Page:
SportsProf

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Sunday, January 31, 2010

Memo to Harvard Basketball: Never Let Sports Illustrated's Puff Pieces Go to Your Head

Last night was one of the biggest men's b-ball games in Harvard's basketball history. You've all heard the story -- Duke great Tommy Amaker, after struggles at Seton Hall and Michigan, arrives at Harvard, perhaps gets more cooperation from the athletic department and admissions office, and is getting kids to seriously consider Harvard over scholarship schools that combine good academics with good basketball. To top it off, the most recent edition of Sports Illustrated contains a puff piece on Harvard hoops that gushes over the Crimson more than first-time grandparents do over a newborn.

And two things must have happened because of that. First, that article must have really pissed off Cornell, which has one two straight Ivy titles and has to put up with knocks on its recruiting from other Ivies (who say the likes of, "I wish we had an Ag School to stash all of our hoop recruits) and other such nonsense. After all, why couldn't the puff piece have been about Cornell, which has the recent hoops history to deserve mention in the pantheon of Ivy great teams with teams from Penn's and Princeton's past? Second, despite how brilliant the Harvard kids are supposed to be, they must have let the article get to their head. After all, if so many kids and current recruits are considering Harvard over the likes of Stanford, they must believe that they can beat the average Ivy hoopster by just showing up. Look, an article like the one in SI that appears before the big game is every coach's nightmare. Forget about the SI Jinx. Just remember that you're dealing with kids, good kids, I'm sure, but they are kids, and kids like praise. And, because they're kids, they tend to believe it.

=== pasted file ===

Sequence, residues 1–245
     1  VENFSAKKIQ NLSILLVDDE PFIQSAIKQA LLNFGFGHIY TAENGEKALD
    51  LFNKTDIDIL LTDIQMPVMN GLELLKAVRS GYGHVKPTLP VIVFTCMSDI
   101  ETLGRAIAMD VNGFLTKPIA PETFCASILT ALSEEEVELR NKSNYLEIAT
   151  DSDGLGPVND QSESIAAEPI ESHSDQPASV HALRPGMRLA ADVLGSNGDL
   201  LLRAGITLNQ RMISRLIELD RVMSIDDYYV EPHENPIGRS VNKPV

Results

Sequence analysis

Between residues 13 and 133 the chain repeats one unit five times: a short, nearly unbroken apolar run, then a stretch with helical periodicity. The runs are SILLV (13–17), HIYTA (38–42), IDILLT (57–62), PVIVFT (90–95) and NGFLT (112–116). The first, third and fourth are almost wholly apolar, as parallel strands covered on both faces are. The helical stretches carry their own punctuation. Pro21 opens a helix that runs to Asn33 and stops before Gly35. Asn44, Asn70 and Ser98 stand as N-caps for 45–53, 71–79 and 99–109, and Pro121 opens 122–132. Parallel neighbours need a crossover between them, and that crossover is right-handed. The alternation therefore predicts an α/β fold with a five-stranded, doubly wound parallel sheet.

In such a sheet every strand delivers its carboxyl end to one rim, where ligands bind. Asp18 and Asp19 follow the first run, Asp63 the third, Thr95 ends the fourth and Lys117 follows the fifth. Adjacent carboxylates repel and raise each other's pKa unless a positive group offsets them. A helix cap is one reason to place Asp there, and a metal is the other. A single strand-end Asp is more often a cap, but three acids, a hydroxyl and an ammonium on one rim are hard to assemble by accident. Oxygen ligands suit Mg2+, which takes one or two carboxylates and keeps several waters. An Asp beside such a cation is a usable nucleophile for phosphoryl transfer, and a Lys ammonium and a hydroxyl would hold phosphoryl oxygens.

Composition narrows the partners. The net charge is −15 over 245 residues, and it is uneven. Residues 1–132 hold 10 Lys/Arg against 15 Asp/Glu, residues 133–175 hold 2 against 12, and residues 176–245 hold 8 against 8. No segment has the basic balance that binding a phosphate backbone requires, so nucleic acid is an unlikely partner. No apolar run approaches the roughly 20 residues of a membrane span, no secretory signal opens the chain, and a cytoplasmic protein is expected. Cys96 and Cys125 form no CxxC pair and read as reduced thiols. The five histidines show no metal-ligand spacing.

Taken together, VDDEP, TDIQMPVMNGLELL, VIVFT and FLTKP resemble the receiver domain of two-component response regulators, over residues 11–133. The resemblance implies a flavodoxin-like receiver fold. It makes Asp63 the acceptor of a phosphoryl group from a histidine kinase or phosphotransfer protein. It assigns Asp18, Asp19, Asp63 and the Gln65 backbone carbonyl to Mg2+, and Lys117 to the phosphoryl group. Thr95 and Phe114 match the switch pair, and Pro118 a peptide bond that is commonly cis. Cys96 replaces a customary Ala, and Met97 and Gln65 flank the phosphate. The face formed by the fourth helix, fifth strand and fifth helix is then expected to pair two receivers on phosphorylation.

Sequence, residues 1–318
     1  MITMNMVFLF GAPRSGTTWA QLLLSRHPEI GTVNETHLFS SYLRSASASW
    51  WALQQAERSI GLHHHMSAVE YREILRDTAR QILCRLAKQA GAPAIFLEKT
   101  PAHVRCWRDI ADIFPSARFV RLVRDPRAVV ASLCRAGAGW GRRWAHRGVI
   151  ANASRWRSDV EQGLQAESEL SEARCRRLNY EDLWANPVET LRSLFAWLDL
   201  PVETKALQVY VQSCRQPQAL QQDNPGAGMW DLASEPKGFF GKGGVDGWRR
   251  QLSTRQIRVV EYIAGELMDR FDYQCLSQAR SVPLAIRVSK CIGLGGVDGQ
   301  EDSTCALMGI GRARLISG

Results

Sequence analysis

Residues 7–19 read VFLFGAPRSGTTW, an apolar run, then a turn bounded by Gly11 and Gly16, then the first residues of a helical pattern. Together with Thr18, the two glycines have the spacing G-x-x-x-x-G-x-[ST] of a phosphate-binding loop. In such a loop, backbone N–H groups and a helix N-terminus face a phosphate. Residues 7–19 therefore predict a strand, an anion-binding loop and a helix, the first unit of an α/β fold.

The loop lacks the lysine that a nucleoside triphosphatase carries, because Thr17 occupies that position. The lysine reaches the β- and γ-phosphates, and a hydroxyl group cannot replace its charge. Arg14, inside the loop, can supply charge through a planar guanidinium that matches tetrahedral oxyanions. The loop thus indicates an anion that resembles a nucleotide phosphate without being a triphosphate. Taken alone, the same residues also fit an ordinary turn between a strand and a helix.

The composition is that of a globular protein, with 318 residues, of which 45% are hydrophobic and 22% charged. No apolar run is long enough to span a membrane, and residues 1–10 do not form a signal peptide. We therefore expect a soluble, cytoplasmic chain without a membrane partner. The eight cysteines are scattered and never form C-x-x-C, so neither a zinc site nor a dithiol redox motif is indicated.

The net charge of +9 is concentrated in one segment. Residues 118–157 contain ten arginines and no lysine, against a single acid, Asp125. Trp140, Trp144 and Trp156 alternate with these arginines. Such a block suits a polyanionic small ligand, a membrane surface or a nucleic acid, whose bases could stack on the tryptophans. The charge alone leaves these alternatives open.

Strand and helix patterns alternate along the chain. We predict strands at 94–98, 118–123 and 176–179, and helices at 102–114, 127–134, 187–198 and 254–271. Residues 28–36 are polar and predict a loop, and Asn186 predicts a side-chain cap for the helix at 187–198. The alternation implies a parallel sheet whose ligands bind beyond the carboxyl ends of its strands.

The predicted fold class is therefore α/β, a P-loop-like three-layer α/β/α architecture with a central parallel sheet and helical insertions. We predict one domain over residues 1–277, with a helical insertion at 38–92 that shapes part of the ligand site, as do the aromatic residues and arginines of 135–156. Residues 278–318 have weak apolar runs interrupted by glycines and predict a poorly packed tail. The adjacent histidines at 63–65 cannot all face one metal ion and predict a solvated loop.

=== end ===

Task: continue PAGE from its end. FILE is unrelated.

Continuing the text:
That is the backdrop of what happened last night in Ithaca, New York, when undefeated (in Ivy play) Harvard visited undefeated (in Ivy play) Cornell.

The result: Cornell 86 Harvard 50.

Yikes. Coaches fear the concept of having their team provide "bulletin board" fodder for the opposition on the eve of the big game. Well, it's not that the Harvard program did or didn't do anything (but, you have to admit, that big an article in SI has to be huge for recruiting) except cooperate with the writer, but heck, that article was bulletin-board fodder. Cornell not only ate up that press clipping, it devoured the Crimson.

That said, it's only one loss, and Harvard will get a chance for revenge in Cambridge soon enough. But for a program that's on the rise and stocked and getting fatter on much better recruits than the Crimson had in the past 20 years, it's a big lesson. They can't avoid talking to the press, but they must avoid believing what's written about them.

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